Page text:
Dismiss Notice
Join Physics Forums Today!
The friendliest, high quality science and math community on the planet! Everyone who loves science is here!

Perron method: proving maximum to be subharmonic

  1. Sep 30, 2014 #1
    Hello,

    I was going through Perron method within the text and came across Lemma 1 which states that if u1,u2 are subharmonic on some domain D and satisfies Cauchy boundary conditions (for example), then so does max(u1,u2). I am quite confused in terms of proving the statement. How would one theoretically explain this? Any help would be appreciated.

    Thank you
     
  2. jcsd
  3. Oct 6, 2014 #2
    Thanks for the post! Sorry you aren't generating responses at the moment. Do you have any further information, come to any new conclusions or is it possible to reword the post?
     
  4. Oct 7, 2014 #3
    Subharmonic functions are upper semicontinuous functions satisfying mean value inequality. If this definition is used, then the proof is quite elementary. I am nor writing it down, because it is probably what is written in your text (what text are you using?).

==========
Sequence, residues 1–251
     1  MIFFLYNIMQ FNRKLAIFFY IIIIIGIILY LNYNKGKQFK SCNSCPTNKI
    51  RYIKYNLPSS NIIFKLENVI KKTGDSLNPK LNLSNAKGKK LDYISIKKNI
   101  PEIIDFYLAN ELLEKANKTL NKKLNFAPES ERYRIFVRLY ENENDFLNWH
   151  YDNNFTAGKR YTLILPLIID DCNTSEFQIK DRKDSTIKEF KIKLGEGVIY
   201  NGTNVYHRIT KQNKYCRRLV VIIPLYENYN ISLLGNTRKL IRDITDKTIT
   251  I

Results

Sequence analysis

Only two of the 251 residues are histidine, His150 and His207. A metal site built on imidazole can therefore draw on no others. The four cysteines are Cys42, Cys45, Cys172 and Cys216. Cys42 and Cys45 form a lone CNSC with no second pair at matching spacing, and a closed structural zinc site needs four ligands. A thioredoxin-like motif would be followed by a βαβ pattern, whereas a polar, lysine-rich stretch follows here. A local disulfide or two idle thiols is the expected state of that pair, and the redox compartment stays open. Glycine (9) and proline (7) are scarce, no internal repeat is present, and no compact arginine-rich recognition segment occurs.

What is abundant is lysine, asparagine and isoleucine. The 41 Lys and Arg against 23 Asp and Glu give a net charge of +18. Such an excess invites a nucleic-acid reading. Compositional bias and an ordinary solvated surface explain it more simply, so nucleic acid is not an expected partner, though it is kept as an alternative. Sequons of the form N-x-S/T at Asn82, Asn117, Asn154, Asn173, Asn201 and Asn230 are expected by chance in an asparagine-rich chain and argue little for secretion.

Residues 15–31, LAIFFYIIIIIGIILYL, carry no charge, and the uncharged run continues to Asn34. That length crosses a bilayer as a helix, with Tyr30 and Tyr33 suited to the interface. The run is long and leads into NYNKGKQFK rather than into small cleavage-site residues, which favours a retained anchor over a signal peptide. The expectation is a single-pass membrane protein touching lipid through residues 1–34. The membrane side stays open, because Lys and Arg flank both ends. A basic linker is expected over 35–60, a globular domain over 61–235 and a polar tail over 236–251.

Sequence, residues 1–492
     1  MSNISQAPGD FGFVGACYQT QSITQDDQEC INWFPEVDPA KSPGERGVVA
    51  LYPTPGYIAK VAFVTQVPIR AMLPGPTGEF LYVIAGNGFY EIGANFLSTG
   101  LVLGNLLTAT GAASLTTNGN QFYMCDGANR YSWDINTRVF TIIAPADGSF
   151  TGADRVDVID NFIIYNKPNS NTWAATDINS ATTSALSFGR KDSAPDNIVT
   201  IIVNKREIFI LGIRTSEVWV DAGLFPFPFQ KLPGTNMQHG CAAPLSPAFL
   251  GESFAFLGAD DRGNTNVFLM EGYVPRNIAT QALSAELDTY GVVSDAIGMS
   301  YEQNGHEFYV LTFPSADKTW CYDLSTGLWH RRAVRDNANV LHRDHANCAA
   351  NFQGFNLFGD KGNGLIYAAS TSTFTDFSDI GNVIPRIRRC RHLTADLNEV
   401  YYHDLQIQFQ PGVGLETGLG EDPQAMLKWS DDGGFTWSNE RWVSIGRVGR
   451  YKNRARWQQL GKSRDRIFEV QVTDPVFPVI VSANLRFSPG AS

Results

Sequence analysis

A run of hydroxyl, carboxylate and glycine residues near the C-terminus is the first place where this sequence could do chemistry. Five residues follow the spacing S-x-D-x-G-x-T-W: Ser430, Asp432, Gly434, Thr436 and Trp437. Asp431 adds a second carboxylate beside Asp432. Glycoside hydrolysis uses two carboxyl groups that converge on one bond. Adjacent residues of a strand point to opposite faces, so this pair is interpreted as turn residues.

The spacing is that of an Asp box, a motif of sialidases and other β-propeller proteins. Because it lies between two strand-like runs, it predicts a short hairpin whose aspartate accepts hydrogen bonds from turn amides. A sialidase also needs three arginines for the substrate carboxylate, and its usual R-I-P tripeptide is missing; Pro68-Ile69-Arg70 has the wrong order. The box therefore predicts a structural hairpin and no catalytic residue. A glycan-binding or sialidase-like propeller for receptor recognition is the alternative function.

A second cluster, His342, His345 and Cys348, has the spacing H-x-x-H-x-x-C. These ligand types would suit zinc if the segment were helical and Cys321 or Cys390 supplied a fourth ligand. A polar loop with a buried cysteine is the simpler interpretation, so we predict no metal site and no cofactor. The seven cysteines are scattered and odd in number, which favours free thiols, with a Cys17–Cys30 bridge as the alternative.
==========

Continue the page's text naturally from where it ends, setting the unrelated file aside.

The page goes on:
You can gain some intuition by looking at convex functions, convex functions of 1 real variable can be considered as subharmonic functions of one real variable.
     
Know someone interested in this topic? Share this thread via Reddit, Google+, Twitter, or Facebook




Similar Discussions: Perron method: proving maximum to be subharmonic
  1. Frobenius Method (Replies: 4)

  2. Euler's Method (Replies: 3)

  3. Frobenius Method (Replies: 3)

  4. Maximum principle (Replies: 5)

Loading...